Wednesday, August 21, 2019

#IFTAONTARIO

Yes, my blog seems to be heavy on #IFTA (International Fruit Tree Association) posts. Probably because it's one of the more interesting, and photogenic things I do all year? mine pales in comparison to coverage by Good Fruit, Growing Produce (American Fruit Grower), and Fruit Growers News (see links at end), but it's a good exercise for me to document. Make sure you also check out #iftaontario on Twitter.

#IFTAONTARIO Headquarters, Hamilton, Ontario, CANADA, a port city of just over half-million people on the west shore of Lake Ontario. Major economy is manufacturing and is the steel capital of Canada. We got the impression it is a diverse city too, 25% of the population was not born in Canada. (Curious how that compares to major U.S. cities?) A real interesting and copiously stocked food store housed in the mall below the Sheraton hotel called Nations Fresh Food...and had some pretty nice calamari (and margaritas) at a Mexican restaurant called TheMule. Dinner company with Lisa Jenereaux (IFTA President) and Pedro Cuevas, Semios Washington Account Manager. I learned a lot about Semios Automated, Remotely Controlled Climate, Insect and Disease Monitoring and Treatment.

Yummy fried calamari at TheMule in Hamilton

DAY 1 -- Orchard tours in the Norfolk region, mostly west of the Niagara escarpment.


Stop 1: University of Guelph Research Station with U. of Guelph Dr. John Cline and OMAFRA's (Ontario Ministry of Agriculture, Food, and Rural Affairs) Amanda Green. Dr. Cline discusses preliminary results of 2014 NC-140 Honeycrisp apple rootstock planting featuring Vineland and Geneva rootstocks. Here is a preliminary report prepared by Dr. Cline. From the report "V.5, V.6, and V.7 appear to be more vigorous and slightly less yield efficient (than G. 935), but offer cold hardiness and resistance to fireblight (rootstock not scion resistance)." Also see the planting page on nc140.org. And Amanda Green told us about the significant parternships in Canada to develop and test new apple varieties. We also made a quick stop at a cider variety planting/trial as there is significant interest in apples for making quality ciders in Canada (as well as the U.S.).

Dr. John Cline with the cider apple variety planting

OMAFRA's Amanda Green talks about new apple variety evaluations
Stop 2: Hedges Apples, wow, owner and IFTA Director Chris Hedges is managing 250 acres of apples (including 75 acres of new plantings) as well as owning and operating Ontario Orchard Supply. Formerly a banker, you can tell Chris is into analyzing all aspects of his operations. And I doubt he works bankers hours anymore! We had lunch in his brand new 10,000 bin CA cold storage. At Hedges Apples, we were also treated to a demonstration of Crop Adapted Spraying by showman Dr. Jason Deveau, OMAFRA Application Technology Specialist. I won't get into the details, you can see much, much more at sprayers101.com but I did like that H.S.S. "airblast" sprayer. After listening to Jason, I hesitate now to call it an "airblast" sprayer though.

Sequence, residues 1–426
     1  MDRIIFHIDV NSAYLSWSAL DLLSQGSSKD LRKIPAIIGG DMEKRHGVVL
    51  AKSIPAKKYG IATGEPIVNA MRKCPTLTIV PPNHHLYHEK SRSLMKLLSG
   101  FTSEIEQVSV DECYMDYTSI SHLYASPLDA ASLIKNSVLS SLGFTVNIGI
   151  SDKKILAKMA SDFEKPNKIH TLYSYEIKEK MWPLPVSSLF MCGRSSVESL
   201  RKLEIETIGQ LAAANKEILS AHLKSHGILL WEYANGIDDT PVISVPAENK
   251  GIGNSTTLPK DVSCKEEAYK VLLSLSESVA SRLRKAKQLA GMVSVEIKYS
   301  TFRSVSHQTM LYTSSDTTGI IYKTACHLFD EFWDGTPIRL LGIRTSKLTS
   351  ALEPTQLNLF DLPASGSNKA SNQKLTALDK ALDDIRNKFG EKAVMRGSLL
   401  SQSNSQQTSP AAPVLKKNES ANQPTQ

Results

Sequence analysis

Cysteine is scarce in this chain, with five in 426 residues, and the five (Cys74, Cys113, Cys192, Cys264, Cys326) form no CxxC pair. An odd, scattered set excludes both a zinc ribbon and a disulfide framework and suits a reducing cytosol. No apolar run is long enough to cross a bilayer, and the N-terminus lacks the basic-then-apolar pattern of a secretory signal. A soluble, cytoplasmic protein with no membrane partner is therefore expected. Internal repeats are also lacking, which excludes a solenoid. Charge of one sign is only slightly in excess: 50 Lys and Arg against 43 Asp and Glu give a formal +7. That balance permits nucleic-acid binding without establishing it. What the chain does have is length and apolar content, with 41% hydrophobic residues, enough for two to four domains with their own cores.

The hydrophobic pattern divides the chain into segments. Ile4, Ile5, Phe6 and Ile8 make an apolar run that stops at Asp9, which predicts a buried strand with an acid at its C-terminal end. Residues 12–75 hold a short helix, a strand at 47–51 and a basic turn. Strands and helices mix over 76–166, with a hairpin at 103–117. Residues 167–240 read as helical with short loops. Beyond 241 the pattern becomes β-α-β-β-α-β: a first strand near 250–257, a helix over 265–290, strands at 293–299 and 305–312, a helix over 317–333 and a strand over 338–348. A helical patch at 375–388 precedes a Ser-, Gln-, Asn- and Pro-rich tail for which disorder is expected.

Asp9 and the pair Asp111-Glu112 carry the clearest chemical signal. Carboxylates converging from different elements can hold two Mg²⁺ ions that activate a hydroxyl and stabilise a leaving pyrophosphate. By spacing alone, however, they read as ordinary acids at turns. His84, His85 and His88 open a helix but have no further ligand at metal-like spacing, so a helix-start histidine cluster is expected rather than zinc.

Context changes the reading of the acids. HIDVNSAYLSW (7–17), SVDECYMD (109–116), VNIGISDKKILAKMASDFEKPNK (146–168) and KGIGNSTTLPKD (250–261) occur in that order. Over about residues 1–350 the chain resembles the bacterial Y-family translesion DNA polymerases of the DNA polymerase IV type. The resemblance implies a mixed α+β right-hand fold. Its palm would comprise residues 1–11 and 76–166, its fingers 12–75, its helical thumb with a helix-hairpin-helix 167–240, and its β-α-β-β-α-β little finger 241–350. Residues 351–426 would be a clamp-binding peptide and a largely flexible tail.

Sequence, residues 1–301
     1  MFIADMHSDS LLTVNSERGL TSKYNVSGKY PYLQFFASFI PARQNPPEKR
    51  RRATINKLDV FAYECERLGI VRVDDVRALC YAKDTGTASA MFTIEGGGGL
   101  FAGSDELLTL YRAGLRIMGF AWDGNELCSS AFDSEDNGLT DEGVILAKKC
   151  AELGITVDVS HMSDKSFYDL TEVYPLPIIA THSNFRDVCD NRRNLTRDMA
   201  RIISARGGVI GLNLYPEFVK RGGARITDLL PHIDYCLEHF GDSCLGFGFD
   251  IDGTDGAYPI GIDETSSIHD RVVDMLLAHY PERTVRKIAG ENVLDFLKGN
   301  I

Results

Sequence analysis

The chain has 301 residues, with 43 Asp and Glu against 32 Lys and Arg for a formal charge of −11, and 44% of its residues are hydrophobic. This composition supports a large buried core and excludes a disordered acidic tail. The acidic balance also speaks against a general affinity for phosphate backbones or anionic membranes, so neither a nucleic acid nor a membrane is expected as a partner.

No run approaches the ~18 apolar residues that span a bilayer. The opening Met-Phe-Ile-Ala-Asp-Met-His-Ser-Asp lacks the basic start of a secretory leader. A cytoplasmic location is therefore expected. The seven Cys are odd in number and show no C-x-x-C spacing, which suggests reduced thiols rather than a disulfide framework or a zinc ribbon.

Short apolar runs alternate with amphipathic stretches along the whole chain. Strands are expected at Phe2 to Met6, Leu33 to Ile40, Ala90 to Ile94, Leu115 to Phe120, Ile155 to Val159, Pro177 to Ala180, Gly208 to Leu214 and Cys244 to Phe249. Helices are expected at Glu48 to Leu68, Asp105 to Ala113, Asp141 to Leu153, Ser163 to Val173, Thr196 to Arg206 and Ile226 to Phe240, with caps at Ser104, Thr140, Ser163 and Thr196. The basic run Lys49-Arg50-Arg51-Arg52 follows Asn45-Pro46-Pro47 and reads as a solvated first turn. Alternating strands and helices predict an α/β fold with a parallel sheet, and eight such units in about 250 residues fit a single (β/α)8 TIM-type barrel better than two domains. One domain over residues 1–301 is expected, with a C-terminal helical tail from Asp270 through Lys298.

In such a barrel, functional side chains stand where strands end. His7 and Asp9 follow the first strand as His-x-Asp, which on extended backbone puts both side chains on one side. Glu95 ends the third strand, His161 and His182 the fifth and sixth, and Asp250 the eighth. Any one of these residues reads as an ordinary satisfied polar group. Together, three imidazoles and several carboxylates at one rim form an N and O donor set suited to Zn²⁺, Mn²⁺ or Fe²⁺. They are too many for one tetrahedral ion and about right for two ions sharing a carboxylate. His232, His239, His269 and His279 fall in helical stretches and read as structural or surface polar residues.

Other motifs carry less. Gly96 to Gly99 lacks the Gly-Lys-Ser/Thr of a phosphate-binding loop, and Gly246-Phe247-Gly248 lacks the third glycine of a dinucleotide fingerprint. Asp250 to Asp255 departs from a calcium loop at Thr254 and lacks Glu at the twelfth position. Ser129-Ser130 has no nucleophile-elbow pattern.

Chris Hedges elaborates on his many jobs running 250 acres of apples plus Ontario Orchard Supply

Dr. Jason Deveau makes spray depostition entertaining but with an important message!

Stop 3: After lunch at Hedges new cold storage, we made a non-orchard stop at Northland Ginseng Farms. Ontario can produce a high-quality Ginseng root, but the challenges are many, including land availability (crops have to be rotated after a 4-5 year growing cycle) and Chinese competition of inferior quality ginseng, according to the farmer. But Phil Schwallier sure seemed interested?

"Hey, this looks even harder than growing apples, maybe?" says Phil Schwallier of ginseng.
Stop 4: On to Norfolk Cherry Company, where a scheduled tour of the tart cherry packing company was put on logistical hold. We spent most of our time looking at a young (planted 2018), free-standing Honeycrisp block on V.1 rootstock. I have no pictures, which maybe says something -- it was not bad, but could have just as easily been a free-standing young tart cherry planing if you get my drift. Will be interesting to see how it turns out?